This is the “Year of Originator Free Agency,” where because of the qualified mortgage rule, loan officers will be able to dictate terms and conditions to current potential employers, one recruiter states.
On the other hand, there is a new equilibrium in the job market in 2014, because smarter firms are willing to provide originators with the support they seek because it boosts the company’s own efforts, says one lender that has been actively hiring.
From the recruiter’s point of view, 2014 is actually the first year of a shift in the balance of power that will continue for several years to come.
A lot of firms do not focus on the “value proposition tools as it relates to the retention of their own people,” says Drew Waterhouse, managing director of Hammerhouse, Mission Viejo, Calif.
Lenders concentrate on whom they can attract to work for them. This in turn is creating the shift in the balance of power mentioned above, which leads Waterhouse to term this as the “Year of Originator Free Agency.”
When it comes to QM, there are firms that are willing to do above a 43 percent back-end debt-to-income ratio loan as long as it gets approved by automated underwriting. Others will not touch those loans at all. The decision the lender makes regarding non-QM will affect its ability to recruit new people and/or keep their current ones, Waterhouse says.
Lenders are being asked if their leadership, on a company cultural basis, is willing to take the risk involved with doing a non-QM loan. Those firms able to offer a broader product spectrum will have an advantage in recruiting in a purchase mortgage environment, Waterhouse says.
Loan officers are expecting their current employers to deliver value to them in order to stay put. If the company isn’t, the loan officers are looking for new places to work.
“They are doing it openly, knowingly and they are communicating it,” Waterhouse declares.
Those who have a purchase-oriented clientele and/or referral partners have the power right now to find a new home where they feel it is best for their business to develop, he continues.
To be the employer of choice, a lender has to be set up to deal with the more customer-centric, “customer-needy” approach of purchases.
The attitude among loan officers has become, “is my business being completely supported by my employer?” That is the driving focus, Waterhouse reiterates.
Lumped under the business development umbrella is marketing support. It is part of the value proposition loan officers are seeking from their companies that helps them conduct their business, Waterhouse says.
But it is not about just marketing. It is about all of the decisions being made as a company reacts to the change in the mortgage origination environment.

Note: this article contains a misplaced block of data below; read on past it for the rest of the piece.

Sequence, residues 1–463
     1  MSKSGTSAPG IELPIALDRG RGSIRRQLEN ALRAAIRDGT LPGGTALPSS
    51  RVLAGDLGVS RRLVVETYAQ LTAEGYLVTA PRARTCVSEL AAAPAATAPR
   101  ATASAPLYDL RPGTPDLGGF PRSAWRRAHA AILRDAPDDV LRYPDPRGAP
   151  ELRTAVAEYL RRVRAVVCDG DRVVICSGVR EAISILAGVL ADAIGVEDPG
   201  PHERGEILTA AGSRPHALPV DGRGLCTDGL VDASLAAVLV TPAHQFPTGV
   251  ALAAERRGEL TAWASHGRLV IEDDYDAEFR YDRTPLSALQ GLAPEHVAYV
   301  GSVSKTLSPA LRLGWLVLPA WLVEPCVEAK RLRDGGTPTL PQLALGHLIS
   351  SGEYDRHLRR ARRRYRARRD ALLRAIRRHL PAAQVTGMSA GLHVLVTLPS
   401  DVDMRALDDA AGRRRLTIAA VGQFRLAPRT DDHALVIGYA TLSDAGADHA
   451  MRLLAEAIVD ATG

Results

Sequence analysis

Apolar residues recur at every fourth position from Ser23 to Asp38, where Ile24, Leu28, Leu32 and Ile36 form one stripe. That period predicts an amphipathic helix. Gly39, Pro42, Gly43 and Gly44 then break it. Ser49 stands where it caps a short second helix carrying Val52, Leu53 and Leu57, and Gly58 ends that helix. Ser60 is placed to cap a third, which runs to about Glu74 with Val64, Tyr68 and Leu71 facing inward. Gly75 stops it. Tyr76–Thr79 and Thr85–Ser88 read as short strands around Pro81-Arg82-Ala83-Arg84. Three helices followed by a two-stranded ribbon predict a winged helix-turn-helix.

Is the company updating its marketing or is it using the same pieces it has in the past? Or is it using a third-party and that vendor is not bringing something new to the table? Those are among the issues loan officers are examining.
Churchill Mortgage in Brentwood, Tenn., has added plenty of new employees in recent months. While the employee stock ownership plan established in October might be an incentive for people to come aboard, there are other reasons why loan officers are picking the company.
Loan officers concerned about having their employer give them the tools to comply with the Dodd-Frank Act and QM is a changing trend in the mortgage industry, says Matt Clarke, Churchill’s chief financial officer.
Sales people have always had the ability to decide where they wanted to work. But the reasons why someone wants to work for a specific company have shifted, he says.
In the refinance market, which Clarke suggests has lasted most of the last 20 years, a company’s ability to provide leads to the loan officer was the main attraction.
Today, loan officers who have the ability to generate business on their own are looking for lenders that provide them with tools, systems and support to augment that ability.
There might not be a shift in power, but it is more the reason why loan originators might choose to work for different companies.
Churchill is seeing more responses to its job postings than last year. Many of the aspects Waterhouse gives for loan officers looking for jobs, this lender is looking for, as well from those it interviews.
From the mortgage company’s point of view, it wants people who have “a professional respect and awareness of the compliance side of the business and who want to work with a company that does it right,” Clarke says.
There are companies that do not have the compliance part of the business down pat and those firms are not likely to survive.
Regarding loan officers looking for new jobs, there are still those sales people out there that are turning their heads, pretending the new regulations do not exist and continuing to do things the way they have always been doing them. Lenders have to weed those out.
The next group is those who have worked only with Internet leads, rather than hitting the streets to build business. Those have to be weeded out as well.
So what is left are those who have respect for the compliance side of the business.
They want a company who will partner with them on that aspect and has the tools, systems and resources to ensure compliance, Clarke says. At the same time, these loan officers need to be able to bring value to referral partners, develop business and not rely on company-provided leads.
“If you can find those people, you’ve got a real reason to talk to them about coming on board,” Clarke says.
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